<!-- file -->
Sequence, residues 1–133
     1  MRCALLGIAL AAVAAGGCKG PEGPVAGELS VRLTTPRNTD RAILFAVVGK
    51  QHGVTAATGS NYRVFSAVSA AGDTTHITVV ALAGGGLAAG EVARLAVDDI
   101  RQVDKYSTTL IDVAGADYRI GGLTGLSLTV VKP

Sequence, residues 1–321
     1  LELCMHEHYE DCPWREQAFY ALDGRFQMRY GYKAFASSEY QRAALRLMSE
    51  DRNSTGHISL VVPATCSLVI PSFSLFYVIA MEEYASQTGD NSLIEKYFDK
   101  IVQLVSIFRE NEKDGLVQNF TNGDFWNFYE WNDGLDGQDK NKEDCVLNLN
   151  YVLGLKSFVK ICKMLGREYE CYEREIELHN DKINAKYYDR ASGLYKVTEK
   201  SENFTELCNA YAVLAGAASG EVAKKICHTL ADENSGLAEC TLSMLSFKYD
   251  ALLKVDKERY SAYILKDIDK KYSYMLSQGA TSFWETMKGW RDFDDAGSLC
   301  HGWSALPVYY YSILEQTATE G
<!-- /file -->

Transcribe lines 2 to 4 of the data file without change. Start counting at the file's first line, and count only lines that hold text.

     1  MRCALLGIAL AAVAAGGCKG PEGPVAGELS VRLTTPRNTD RAILFAVVGK
    51  QHGVTAATGS NYRVFSAVSA AGDTTHITVV ALAGGGLAAG EVARLAVDDI
   101  RQVDKYSTTL IDVAGADYRI GGLTGLSLTV VKP